The tabletification of nytimes.com
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Today, The New York Times announced a big digital redesign, this time with a big public beta test and, nominally, a feedback mechanism from readers.
It's hard to tell from the outside how important the input of readers will actually be, but that doesn't mean the exercise is all for show. I imagine the Times will be able to collect data on how the readers actually interact with the pages—a data set that often contradicts what users say in a comment field about what is useful and less useful to them.
For those of us not lucky enough to access the Times from inside the company's corporate firewall (employees), or to have been selected as a user of the new version of the site, or to have been accepted (yet) into the program via a sign-up mechanism the paper offered readers today, we've had to make do with the "guided tour" page the company's marketing department has put out. I'm planning a more extensive (and reported) piece on the redesign for Thursday or so.
But there is much to look at here. Click any of these to enlarge them and they'll open in a new window.
Wisely, the redesign is beginning with the article pages. These, as most website proprietors know, are the real points of entry for most readers to a website. They click a link in their email inbox or chat window or on Twitter or Facebook or in a Google search-results page and land, inevitably, on an individual article.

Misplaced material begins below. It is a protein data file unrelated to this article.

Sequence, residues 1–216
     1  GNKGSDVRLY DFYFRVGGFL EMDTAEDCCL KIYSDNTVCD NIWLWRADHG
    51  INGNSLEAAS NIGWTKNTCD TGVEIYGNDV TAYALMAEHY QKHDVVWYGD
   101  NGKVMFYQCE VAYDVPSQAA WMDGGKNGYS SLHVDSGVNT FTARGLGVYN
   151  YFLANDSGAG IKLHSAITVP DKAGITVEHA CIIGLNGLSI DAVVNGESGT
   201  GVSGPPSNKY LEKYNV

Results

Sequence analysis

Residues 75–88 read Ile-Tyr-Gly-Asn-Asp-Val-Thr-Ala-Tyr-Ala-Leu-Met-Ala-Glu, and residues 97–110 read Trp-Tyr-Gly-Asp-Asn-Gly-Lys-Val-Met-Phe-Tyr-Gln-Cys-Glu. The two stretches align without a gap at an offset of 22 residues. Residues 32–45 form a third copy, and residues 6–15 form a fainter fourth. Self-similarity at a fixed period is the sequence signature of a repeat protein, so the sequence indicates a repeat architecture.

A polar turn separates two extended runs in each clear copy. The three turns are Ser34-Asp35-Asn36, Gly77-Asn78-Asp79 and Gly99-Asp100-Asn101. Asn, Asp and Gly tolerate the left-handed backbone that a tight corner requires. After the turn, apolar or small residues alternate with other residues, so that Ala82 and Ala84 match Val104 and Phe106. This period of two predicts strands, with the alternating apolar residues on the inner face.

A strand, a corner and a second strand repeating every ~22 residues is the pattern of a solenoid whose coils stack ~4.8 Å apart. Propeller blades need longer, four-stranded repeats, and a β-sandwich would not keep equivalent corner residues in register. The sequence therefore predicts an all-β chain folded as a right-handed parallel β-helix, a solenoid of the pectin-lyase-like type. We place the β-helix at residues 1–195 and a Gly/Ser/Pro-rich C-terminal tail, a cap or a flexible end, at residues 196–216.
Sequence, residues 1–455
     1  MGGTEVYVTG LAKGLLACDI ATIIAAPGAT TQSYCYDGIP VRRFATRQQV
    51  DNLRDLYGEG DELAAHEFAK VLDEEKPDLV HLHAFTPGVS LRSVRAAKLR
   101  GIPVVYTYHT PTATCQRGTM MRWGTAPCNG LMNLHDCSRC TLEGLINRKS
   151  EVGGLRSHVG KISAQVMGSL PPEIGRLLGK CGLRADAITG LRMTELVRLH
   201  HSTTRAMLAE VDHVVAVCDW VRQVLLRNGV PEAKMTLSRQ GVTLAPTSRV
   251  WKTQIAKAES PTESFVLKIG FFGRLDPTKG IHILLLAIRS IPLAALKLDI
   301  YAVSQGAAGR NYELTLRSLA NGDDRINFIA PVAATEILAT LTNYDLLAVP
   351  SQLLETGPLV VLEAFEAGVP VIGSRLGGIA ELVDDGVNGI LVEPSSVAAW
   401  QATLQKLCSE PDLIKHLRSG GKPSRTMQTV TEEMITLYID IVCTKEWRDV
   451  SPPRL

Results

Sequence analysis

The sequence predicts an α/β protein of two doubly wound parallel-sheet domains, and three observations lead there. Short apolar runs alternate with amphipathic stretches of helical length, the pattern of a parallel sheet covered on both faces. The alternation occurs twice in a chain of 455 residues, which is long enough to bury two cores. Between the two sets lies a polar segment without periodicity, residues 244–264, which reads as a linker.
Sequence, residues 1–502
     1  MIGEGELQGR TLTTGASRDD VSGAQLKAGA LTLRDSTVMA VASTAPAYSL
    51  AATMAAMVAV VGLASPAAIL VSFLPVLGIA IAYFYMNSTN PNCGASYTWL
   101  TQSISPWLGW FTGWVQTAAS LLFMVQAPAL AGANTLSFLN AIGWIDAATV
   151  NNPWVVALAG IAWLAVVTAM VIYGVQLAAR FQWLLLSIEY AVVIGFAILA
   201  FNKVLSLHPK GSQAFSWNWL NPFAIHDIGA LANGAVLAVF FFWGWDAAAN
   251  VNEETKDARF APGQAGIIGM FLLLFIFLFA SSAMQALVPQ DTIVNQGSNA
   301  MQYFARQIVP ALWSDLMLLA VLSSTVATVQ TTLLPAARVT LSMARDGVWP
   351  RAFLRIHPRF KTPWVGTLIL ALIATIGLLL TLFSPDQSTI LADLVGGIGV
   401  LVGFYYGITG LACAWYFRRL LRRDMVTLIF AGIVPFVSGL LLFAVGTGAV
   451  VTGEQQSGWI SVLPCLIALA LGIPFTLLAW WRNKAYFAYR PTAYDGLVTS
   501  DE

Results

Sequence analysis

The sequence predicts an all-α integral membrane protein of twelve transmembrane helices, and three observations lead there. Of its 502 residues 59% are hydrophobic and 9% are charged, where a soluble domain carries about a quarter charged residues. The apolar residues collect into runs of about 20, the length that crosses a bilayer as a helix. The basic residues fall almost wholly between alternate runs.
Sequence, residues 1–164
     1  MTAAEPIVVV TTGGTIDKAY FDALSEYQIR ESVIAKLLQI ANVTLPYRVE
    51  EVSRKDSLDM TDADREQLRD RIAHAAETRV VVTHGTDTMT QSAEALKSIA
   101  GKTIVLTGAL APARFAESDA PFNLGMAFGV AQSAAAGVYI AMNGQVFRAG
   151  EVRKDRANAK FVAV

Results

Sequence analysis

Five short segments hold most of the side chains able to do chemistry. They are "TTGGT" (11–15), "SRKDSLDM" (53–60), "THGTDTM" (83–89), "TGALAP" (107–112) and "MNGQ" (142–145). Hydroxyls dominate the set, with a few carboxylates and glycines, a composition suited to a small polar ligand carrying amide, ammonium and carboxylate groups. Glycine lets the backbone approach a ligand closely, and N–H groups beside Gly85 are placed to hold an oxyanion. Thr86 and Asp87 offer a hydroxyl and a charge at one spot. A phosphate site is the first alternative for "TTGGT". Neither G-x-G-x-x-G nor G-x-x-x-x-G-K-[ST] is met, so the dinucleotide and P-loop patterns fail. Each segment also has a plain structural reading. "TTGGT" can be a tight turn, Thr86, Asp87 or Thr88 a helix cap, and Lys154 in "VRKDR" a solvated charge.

The first thing you notice about the article pages, compared to the current design, is all the white space. Headlines float in a luxurious bedding of white, as do the features along the right rail.
The run of the text isn't crammed out all the way to the edges of the visible page (that would make the lines too long, and therefore make it too hard for readers to scroll from the end of one line to the beginning of the next). But like many current designs, the prejudice that says the text area should be equal to or wider than the photos has been exploded. Photos stretch out pretty far from the text margins on both sides instead of being tucked in among the words with an option to enlarge with a separate click, an activity that's cumbersome and results in opening a lightbox that has to be closed in order to return to the text.
I predict that, at first, many users will find the streamlining a little stressful, especially older readers.
A navigation bar across the top offers the readers a trip back to the homepage (which presumably will remain with its current design for a while longer), and navigation through the paper's "sections," but once you begin to scroll down the page, that navbar freezes in place and changes. Where the "home" button was, there is now only a giant gothic T. Where the "sections" button was is a square with three lines in the center. It's only by pressing this button that you get the overlay of navigational menus you see above here.